Talks between the PLO and Israel resumed on 21 December to try to resolve outstanding issues between the two sides and open the way for Israel to start its withdrawal from the self-rule areas in January. The two sides still have to agree on security arrangements for border crossings between the Palestinian entity and Jordan and Egypt. In mid-December, two days of secret talks in Norway failed to bring the two sides together, although Oslo has said some progress was made.

On his way to the Paris meeting, the leader of the PLO delegation at the talks, Yasser Abed-Rabbo, said he would press for Palestinian control of the border crossings. ‘Israel may keep external security in its hands, but not at the expense of the Palestinian sovereignty on lands,’ he told Reuters.

According to the declaration of principles signed in Washington on 13 September. Israel will retain control over external security in the five- year transitional period, while the Palestinian police force will be responsible for domestic security. ‘In order to guarantee public order and internal security for the Palestinians of the West Bank and Gaza Strip, the council will establish a strong police force, while Israel will continue to carry the responsibility for defending against external threats…’ article eight of the declaration reads.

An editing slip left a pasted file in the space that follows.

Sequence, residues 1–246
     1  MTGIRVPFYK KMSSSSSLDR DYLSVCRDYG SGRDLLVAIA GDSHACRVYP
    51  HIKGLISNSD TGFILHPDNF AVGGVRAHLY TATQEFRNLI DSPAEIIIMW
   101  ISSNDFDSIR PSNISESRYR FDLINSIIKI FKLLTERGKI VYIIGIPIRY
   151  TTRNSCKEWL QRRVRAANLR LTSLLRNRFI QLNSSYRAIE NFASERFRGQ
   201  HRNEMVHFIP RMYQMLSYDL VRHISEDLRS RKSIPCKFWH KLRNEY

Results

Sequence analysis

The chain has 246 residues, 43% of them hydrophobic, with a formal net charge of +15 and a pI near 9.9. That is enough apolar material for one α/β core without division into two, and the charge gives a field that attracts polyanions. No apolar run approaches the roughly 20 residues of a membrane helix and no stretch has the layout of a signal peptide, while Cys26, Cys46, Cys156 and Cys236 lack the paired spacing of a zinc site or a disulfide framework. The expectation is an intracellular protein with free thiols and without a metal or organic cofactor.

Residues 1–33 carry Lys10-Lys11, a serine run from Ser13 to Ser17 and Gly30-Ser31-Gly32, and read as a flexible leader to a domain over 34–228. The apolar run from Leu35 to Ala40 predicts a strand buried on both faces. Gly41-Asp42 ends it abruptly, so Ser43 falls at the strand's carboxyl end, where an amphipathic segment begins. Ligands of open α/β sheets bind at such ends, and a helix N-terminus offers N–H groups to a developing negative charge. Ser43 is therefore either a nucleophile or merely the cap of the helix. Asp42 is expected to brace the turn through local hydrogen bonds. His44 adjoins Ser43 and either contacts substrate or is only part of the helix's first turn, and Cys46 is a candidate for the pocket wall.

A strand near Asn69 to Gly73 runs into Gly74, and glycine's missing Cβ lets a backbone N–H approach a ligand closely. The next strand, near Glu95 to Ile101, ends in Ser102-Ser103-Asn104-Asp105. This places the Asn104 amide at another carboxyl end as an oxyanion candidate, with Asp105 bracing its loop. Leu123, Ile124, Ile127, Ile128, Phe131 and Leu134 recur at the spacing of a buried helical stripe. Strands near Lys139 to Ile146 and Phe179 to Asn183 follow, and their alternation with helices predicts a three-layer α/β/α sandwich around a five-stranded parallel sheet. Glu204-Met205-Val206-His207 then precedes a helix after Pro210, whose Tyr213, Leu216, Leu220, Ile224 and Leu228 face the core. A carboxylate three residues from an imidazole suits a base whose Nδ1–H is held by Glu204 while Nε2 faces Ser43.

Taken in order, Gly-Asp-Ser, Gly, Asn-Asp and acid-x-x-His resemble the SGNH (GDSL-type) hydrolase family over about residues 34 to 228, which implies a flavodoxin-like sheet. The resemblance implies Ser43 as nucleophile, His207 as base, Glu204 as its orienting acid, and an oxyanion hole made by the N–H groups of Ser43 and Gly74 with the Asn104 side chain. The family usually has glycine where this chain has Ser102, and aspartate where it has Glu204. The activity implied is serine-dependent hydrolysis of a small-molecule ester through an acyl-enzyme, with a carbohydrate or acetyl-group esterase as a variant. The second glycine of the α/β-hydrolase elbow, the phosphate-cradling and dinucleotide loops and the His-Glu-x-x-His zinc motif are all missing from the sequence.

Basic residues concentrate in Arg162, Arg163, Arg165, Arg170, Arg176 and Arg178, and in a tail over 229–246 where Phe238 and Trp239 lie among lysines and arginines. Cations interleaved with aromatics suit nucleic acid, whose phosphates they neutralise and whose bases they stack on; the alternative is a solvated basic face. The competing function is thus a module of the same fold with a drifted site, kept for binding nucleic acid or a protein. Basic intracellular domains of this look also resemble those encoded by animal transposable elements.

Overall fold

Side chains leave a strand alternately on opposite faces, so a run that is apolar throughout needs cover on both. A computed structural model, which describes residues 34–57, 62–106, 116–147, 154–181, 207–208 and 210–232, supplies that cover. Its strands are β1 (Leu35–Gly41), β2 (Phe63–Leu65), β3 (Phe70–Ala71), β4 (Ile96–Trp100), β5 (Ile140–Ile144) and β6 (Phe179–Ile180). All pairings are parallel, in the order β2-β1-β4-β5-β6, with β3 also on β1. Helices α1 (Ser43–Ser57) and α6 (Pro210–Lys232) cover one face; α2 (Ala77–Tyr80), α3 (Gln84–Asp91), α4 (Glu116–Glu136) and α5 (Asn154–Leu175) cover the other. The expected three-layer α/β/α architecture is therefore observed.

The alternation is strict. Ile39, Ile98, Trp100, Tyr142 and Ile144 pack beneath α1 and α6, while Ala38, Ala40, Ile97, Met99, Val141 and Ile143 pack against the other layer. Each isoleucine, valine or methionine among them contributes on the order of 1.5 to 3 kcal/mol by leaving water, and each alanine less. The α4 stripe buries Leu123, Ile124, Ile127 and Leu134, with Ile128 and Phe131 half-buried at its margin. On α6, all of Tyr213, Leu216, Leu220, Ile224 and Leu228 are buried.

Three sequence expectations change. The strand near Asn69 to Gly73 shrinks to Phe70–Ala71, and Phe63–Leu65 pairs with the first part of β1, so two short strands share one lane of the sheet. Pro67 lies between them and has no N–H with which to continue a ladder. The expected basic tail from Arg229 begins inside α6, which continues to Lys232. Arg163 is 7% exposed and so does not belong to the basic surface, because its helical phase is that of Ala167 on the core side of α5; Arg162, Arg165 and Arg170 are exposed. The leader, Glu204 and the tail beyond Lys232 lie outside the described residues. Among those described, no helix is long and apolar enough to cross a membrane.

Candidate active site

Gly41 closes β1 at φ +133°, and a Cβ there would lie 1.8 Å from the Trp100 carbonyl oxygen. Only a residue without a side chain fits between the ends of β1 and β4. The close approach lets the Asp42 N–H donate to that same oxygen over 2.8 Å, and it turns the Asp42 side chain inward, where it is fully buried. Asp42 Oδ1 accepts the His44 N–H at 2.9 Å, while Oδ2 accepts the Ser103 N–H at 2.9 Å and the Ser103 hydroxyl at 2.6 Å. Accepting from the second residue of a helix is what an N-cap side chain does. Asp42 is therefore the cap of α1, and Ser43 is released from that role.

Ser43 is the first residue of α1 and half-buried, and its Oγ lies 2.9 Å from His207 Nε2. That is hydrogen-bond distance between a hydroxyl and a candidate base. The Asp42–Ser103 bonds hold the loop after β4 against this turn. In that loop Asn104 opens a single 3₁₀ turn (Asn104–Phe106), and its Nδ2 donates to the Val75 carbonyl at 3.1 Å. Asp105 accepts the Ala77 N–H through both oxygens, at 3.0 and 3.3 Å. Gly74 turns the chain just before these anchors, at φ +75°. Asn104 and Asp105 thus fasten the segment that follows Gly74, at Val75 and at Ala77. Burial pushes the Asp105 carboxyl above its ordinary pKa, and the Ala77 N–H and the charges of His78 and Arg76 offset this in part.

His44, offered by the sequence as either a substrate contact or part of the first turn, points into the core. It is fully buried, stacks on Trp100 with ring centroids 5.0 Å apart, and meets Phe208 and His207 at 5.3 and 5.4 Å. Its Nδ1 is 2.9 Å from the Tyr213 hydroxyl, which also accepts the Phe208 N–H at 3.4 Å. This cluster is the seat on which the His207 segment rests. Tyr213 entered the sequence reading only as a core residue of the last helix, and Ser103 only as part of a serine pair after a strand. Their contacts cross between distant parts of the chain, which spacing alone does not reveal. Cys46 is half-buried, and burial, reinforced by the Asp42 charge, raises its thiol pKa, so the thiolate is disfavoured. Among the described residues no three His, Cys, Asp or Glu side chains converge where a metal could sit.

Tel Aviv argues that it has to maintain control of the international crossings, because once people have entered Gaza or Jericho, it will be more difficult to control their access into Israel.

Also under discussion in Paris will be the size of the Palestinian police force. Norwegian Foreign Affairs Minister Jan Egeland said on 20 December that the two sides were approaching agreement but funding for the force was still under discussion. The PLO put forward plans in Oslo for a 15,000- strong force, although they may be willing to accept a force of about 10,000. The World Bank budget envisages a force of only 7,000 (see Gaza/West Bank).